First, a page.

Her mother opened the door slowly, and her father’s face came into view. His expression softened as he saw his daughter in the wedding dress. She walked out into the hallway, towards him, and she could see a tear forming in the corner of his eye.
She turned to her mother, about to tell her that Daddy was crying, when she saw that her mother, too, had teared up. Joanie couldn’t help it—seeing her mother and father cry, she began to cry as well. She could never keep a dry eye when someone else was crying, least of all her parents, ex-pats from Europe who hardly ever cried.
Michele’s presence floated in the air like a haze, but no one would say it. No one dared mention that she would have worn the dress first. Should have worn the dress first.
“And look at us,” her mother said, her hands reaching out and grabbing for her husband and daughter. “All of us crying like little babies.”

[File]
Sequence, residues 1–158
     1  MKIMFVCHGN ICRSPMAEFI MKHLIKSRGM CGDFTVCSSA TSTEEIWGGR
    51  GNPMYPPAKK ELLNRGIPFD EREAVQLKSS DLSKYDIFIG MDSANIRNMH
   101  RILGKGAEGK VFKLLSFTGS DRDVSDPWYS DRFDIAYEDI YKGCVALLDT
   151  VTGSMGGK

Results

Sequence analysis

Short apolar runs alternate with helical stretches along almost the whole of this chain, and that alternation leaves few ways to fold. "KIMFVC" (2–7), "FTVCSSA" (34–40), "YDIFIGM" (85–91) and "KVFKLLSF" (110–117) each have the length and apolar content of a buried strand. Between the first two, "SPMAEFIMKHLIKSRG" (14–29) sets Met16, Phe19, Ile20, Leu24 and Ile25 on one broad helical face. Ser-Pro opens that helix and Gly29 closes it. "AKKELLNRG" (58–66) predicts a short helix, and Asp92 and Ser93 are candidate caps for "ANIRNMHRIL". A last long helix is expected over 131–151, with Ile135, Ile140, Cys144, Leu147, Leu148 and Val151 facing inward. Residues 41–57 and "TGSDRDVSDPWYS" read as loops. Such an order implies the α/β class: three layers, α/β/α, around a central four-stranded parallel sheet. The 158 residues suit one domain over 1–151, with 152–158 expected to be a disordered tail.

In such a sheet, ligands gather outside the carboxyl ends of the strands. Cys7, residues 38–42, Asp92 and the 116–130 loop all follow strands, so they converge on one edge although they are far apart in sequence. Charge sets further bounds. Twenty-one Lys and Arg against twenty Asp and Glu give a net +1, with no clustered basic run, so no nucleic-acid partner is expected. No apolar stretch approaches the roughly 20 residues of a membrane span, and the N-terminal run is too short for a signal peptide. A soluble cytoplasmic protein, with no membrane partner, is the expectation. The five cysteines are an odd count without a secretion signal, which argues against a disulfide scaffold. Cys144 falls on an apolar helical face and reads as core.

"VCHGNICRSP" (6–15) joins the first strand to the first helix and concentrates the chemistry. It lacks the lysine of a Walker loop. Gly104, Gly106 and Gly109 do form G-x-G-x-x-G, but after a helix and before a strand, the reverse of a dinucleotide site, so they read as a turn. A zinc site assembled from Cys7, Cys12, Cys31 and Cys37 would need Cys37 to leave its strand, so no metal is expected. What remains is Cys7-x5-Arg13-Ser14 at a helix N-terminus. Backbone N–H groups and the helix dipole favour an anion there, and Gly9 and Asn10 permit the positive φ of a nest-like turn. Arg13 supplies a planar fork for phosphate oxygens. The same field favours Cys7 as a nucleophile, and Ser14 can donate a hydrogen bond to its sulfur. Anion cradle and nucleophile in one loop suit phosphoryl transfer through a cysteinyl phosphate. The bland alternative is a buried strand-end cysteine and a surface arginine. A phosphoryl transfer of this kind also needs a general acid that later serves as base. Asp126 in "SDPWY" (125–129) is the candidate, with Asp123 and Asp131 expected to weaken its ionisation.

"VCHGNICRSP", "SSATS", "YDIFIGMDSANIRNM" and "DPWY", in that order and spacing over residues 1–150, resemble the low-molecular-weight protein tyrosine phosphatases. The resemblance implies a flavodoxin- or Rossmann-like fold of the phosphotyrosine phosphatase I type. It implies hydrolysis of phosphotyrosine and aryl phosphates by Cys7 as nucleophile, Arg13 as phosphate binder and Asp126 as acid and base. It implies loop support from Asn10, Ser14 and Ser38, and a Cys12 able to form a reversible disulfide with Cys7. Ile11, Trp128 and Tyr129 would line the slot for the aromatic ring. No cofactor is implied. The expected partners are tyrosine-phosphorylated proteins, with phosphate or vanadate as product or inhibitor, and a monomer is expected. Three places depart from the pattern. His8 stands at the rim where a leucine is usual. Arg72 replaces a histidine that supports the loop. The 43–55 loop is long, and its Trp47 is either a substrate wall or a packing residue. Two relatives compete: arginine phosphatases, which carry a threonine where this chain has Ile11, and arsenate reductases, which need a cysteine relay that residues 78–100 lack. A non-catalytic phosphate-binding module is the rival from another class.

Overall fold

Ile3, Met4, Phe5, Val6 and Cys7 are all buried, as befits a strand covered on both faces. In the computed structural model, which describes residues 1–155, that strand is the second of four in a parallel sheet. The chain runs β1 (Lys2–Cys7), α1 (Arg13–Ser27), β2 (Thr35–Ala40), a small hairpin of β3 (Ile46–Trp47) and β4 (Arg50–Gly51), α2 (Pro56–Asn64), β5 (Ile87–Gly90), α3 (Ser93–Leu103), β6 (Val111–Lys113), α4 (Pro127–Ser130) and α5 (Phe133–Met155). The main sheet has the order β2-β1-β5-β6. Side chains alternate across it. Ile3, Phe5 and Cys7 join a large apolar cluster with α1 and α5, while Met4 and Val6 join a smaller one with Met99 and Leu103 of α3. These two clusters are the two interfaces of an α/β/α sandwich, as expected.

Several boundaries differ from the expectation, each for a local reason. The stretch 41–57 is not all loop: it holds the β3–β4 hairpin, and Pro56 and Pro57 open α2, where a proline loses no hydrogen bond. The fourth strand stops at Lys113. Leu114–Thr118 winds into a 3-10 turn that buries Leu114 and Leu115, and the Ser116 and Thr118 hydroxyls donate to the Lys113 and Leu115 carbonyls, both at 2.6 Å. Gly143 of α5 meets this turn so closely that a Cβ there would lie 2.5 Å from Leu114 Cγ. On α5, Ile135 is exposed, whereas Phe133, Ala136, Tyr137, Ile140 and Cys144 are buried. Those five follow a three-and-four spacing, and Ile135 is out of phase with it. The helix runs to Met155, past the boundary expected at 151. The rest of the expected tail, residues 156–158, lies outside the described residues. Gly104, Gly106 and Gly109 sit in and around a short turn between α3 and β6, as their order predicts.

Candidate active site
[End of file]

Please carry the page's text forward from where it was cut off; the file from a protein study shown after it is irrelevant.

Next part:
All three embraced—carefully, of course, so as not to ruin the dress.
Her father kissed the top of her head. “Give us a twirl.”
Joanie obliged. The dress moved gracefully as she spun. Joanie curtsied, and her father gently took her hand and kissed it.
“I know what you’re thinking,” her mother said, her voice a song.
“What?” Joanie asked absentmindedly, while staring at her reflection in the mirror. She knew the first thing she’d change—the sleeves. The dress needed big, voluminous sleeves, just like Princess Diana had worn on her wedding day.
“Or I should say who you’re thinking about,” her mother said, a gentle tease.
“Who?” Joanie asked, under her breath, twirling from side to side in front of the mirror, watching the dress move.
“Your fiancé,” her mother said, furrowing her brow. “Remember him?”
“For sure,” Joanie said, spinning around to face her mother. “My fiancé. Yes. I knew that. And, yes. I was.” But the truth was, she had completely forgotten.
Excerpted from The Grace Kelly Dress by Brenda Janowitz. Copyright © 2020 by Brenda Janowitz. Published by Graydon House Books.